Depression And Anxiety In Epilepsy What Do We Know

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Several recent population-based studies have reported elevated symptoms of depression and anxiety among adults and children with epilepsy (Davies et al.; 2003: Strine et al.: 2005: Tellez-Zenteno et al.: 2005: Kobau et al.: 2006). However, in the epilepsy literature the co-occurrence of depression and anxiety has received limited attention. Depression and anxiety disorders are frequently reported in over arching categories (e.g., internalizing disorder, neurosis) with no ability to distinguish the individual prevalence rates of each disorder (Jacoby et al.: 1996; Davies et al.: 2003: Strine et al.: 2003), or depression and anxiety are reported as distinct disorders with no acknowledgement of co-occurrence (Ring et al.: 1998; Glosser et al.; 2000) . Recently, in the 2004 HealthStyles Survey, a large population-based mail survey, Kobau et al. (2006) found 16.7% (OR 3.2; 95% CI 1.4-7.4) of individuals with active epilepsy reported both depression and anxiety during the past year. In a multicenter study, among individuals who met criteria for current depressive disorders, 27 of37 (73%) had a current anxiety disorder (Jones et al.; 2005).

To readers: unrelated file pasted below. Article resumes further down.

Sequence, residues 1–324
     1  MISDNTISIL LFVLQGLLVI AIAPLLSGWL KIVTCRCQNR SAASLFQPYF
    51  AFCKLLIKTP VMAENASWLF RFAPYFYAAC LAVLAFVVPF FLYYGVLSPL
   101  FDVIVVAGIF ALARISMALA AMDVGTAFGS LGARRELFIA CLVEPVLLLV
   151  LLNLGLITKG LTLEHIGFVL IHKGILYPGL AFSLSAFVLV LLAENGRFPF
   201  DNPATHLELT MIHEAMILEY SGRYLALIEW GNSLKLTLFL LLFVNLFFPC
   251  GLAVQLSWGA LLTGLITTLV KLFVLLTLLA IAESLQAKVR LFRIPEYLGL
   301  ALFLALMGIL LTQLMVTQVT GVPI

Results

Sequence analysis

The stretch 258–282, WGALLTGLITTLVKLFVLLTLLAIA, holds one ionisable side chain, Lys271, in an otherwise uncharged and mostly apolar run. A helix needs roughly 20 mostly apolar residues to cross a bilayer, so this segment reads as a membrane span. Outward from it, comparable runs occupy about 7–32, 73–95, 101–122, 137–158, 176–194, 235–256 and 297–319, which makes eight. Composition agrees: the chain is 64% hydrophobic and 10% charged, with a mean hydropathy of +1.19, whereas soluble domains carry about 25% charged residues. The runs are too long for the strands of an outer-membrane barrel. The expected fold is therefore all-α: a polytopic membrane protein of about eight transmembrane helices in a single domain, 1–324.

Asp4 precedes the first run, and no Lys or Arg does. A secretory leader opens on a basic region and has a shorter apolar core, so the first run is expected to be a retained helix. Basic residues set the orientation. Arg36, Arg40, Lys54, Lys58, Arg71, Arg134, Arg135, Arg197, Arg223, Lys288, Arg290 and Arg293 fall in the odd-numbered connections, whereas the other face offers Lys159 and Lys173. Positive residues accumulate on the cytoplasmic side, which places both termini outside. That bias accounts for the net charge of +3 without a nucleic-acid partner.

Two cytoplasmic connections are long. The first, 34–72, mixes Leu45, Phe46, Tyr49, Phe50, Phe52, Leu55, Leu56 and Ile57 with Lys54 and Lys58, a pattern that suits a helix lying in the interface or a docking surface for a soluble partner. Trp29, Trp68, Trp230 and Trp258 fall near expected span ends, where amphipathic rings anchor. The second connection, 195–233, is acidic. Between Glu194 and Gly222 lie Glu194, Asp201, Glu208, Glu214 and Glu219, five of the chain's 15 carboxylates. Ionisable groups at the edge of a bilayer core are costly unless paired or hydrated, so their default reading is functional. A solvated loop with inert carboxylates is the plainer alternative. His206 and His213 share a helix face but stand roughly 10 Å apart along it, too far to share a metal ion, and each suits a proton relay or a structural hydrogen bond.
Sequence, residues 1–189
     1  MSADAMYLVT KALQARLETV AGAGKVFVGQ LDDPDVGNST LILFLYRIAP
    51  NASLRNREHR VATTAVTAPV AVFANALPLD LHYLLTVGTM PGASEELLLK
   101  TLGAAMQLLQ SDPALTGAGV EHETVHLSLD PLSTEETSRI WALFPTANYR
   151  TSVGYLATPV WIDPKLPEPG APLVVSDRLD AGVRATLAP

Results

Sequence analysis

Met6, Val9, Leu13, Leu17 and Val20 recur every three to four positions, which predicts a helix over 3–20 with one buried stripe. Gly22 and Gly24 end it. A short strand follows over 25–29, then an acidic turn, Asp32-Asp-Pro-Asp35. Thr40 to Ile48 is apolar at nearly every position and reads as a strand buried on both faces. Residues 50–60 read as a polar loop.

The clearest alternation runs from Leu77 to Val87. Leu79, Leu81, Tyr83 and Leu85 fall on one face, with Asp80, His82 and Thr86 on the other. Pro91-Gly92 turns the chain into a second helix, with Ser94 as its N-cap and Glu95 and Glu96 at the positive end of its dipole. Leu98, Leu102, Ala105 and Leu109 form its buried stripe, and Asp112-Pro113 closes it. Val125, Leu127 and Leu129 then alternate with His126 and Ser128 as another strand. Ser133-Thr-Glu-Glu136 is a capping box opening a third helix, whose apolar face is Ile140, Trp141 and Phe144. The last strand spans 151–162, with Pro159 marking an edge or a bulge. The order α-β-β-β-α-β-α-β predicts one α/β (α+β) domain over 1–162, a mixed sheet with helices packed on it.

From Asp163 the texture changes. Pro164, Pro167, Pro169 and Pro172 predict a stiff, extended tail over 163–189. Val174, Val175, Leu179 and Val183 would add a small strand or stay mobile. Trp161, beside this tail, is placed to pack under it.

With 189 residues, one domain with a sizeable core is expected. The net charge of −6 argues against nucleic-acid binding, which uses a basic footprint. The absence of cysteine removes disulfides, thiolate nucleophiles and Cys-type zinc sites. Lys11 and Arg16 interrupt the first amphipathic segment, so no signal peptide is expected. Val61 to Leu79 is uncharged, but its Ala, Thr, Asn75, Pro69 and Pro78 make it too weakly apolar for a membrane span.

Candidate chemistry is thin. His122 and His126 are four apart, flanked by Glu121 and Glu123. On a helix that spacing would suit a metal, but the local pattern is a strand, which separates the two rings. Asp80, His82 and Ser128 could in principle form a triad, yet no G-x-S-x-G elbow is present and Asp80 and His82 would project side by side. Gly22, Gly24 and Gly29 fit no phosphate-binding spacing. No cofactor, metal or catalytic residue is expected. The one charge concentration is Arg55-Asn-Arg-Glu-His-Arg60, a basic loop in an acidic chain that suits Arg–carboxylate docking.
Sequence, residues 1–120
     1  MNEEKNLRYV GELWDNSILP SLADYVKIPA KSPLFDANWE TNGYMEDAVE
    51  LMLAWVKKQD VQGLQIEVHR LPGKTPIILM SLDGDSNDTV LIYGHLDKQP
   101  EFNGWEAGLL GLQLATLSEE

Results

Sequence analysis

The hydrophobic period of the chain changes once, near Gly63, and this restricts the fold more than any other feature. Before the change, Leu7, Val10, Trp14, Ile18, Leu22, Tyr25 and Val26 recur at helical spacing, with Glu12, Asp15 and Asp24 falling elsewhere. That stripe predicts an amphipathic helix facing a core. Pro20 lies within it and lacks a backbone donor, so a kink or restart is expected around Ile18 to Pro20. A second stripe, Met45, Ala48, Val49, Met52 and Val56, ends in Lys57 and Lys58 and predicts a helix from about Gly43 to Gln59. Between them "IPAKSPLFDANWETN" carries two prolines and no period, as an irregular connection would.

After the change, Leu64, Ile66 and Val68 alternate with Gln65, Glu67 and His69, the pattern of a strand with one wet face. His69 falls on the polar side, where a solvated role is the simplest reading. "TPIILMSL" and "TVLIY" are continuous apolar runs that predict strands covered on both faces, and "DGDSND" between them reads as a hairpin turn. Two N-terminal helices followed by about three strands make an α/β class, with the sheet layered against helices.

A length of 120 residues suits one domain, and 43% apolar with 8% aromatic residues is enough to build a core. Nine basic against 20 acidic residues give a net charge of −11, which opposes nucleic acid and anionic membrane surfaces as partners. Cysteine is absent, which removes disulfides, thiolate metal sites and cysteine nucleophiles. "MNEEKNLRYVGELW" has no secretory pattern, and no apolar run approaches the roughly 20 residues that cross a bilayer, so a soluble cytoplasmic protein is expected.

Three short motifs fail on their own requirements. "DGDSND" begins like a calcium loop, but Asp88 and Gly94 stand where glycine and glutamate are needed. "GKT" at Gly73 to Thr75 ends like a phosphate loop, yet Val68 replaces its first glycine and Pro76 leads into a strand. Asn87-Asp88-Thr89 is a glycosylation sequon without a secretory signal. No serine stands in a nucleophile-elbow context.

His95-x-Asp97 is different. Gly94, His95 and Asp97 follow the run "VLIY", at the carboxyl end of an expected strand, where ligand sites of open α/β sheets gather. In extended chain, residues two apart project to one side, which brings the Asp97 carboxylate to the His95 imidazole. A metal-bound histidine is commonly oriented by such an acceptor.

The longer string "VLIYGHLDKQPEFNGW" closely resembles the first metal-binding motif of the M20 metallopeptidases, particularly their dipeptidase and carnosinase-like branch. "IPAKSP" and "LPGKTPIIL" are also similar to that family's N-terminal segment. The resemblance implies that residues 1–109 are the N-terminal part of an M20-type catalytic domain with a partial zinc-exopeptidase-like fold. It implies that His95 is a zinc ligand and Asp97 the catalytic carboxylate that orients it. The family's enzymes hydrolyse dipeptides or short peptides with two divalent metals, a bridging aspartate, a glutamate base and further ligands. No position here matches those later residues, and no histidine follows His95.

Among a sample of 100 children with complex partial seizures and 71 with childhood absence epilepsy, Caplan et al. (2005) reported 3.5% of the sample met criteria for both depression and anxiety, and interestingly, there were no co-occurring diagnoses of anxiety and depression among children with absence seizures. Depression and anxiety disorders demand more attention and investigation in order to have a greater understanding of the co-occurrence of these two disorders in epilepsy.

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